Friday, August 5, 2011

a lesson in victorian slang

Insomnia has hit, so I need to do something to pass the time other than lie in bed awake, listening to water dripping from the leak in my ceiling (which has been there for two friggin' months already, MR. LANDLORD!) into the bucket placed under said leak.  Although I live within easy walking distance of the current scene being filmed for the new Batman film by Christopher Nolan, I doubt security would appreciate me wandering onto the set again.  I (not quite unintentionally) did that on Wednesday evening while on my jog in an attempt to get from 5th and Craig to 5th and Bellfield.  Needless to say the security lady was not amused.

So now here's a post on Victorian slang, courtesy of my boyfriend Scott's research and Victorian journalist Henry Mayhew.  I have no idea why there are so many different words for both pickpockets and counterfeiters.  Also, why were so many criminals stealing handkerchiefs that phrases for that specific crime entered the period's slang?

Victorian Term              Interpretation
Blag:                               to steal or snatch
Vamp:                             steal 
Gonoph:                          small time thief
Lurker:                            general criminal
Bludger:                           violent criminal or thief  
Buzzer:                            pick pocket 
Buzzing:                          picking pockets 
Cly faking:                       picking pockets (usually for handkerchiefs) 
Dipper:                            pickpocket 
Tooler:                            pickpocket 
Tooling:                           picking pockets 
Maltooler:                        pickpocket of females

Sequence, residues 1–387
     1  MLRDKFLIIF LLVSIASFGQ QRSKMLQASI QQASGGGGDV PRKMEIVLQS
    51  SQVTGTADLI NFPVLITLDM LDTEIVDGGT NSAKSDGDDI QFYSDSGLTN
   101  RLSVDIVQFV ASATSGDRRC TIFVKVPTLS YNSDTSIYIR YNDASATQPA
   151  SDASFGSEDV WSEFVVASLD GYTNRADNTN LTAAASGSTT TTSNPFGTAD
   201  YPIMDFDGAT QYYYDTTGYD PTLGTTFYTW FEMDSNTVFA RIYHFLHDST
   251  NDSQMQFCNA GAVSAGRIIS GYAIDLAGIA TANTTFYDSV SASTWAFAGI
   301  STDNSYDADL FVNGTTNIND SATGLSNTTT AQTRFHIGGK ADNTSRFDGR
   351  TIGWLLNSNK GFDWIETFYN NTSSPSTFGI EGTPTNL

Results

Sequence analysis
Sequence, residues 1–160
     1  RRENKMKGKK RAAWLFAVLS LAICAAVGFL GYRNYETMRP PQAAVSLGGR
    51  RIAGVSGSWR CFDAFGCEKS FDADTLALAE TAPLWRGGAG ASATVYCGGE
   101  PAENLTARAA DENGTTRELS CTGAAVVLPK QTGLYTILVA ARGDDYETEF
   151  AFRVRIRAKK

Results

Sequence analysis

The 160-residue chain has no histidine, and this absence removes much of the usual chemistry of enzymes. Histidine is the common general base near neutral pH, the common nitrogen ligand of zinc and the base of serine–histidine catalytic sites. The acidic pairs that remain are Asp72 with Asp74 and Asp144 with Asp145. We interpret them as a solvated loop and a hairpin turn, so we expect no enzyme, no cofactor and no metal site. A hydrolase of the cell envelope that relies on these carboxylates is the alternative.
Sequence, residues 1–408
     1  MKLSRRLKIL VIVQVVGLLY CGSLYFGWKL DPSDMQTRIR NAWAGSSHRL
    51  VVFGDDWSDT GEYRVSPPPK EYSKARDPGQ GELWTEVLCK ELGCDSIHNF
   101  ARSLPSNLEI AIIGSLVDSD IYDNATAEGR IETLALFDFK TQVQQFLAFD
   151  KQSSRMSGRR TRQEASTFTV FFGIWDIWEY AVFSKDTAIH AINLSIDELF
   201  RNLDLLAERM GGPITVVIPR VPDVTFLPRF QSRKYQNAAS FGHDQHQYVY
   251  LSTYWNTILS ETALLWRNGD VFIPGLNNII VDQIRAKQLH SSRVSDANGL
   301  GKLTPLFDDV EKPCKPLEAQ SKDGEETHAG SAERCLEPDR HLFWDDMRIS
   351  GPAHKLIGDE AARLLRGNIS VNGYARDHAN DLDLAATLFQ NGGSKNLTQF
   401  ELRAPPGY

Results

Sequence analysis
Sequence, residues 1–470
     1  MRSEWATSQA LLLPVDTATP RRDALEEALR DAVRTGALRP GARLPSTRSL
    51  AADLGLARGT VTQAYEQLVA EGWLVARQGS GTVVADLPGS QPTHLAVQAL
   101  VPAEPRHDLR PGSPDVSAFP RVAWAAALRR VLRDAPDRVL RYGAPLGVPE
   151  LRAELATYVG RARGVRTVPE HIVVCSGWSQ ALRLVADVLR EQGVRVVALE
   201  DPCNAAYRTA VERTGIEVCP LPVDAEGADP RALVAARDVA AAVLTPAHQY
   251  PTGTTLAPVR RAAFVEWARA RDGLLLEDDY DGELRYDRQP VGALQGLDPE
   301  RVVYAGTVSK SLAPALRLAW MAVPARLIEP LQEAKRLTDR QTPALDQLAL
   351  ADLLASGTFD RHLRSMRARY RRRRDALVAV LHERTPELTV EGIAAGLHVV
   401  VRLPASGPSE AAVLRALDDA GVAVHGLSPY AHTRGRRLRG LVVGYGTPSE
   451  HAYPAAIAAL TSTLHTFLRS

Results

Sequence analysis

Mobsman:                       well dressed swindler or pickpocket 
Fine wirer:                       veteran pickpocket  
Snide:                              counterfeiter (usually jewelry) 
Bit Faker:                        coin counterfeiter 
Coiner:                            counterfeiter 
Shofulman:                      counterfeiter  
Sharp:                             card swindler 
Speeler:                          cheat, especially at gambling 
Macer:                           cheat  
Flimp:                             snatch stealer, purse snatcher 
Palmer:                           shoplifter 
Hoisting:                         shoplifting 
Buck Cabbie:                 dishonest cab driver 
Dragsman:                       someone who robs carriage 
Duffer:                            fence 
Cracker:                          burglar or safer cracker
Screever:                         forger
Haymarket Hector:           pimp
Ramper:                           hoodlum
Kidsman:                         child gang boss
Crow:                              a lookout
Smasher:                         someone who passes bad money (not necessarily a criminal) 
Beak hunting:                  stealing poultry
Snowing:                         stealing linen
Smatter Hauling:              stealing handkerchiefs
Fawney Dropping:           "finding" a valuable item and then selling it when it is actually not worth anything.
Snoozer:                          robbing sleeping people
Bug Hunting:                    rolling drunks 
Mutcher:                         a person who goes “bug hunting” (see above)

No comments:

Post a Comment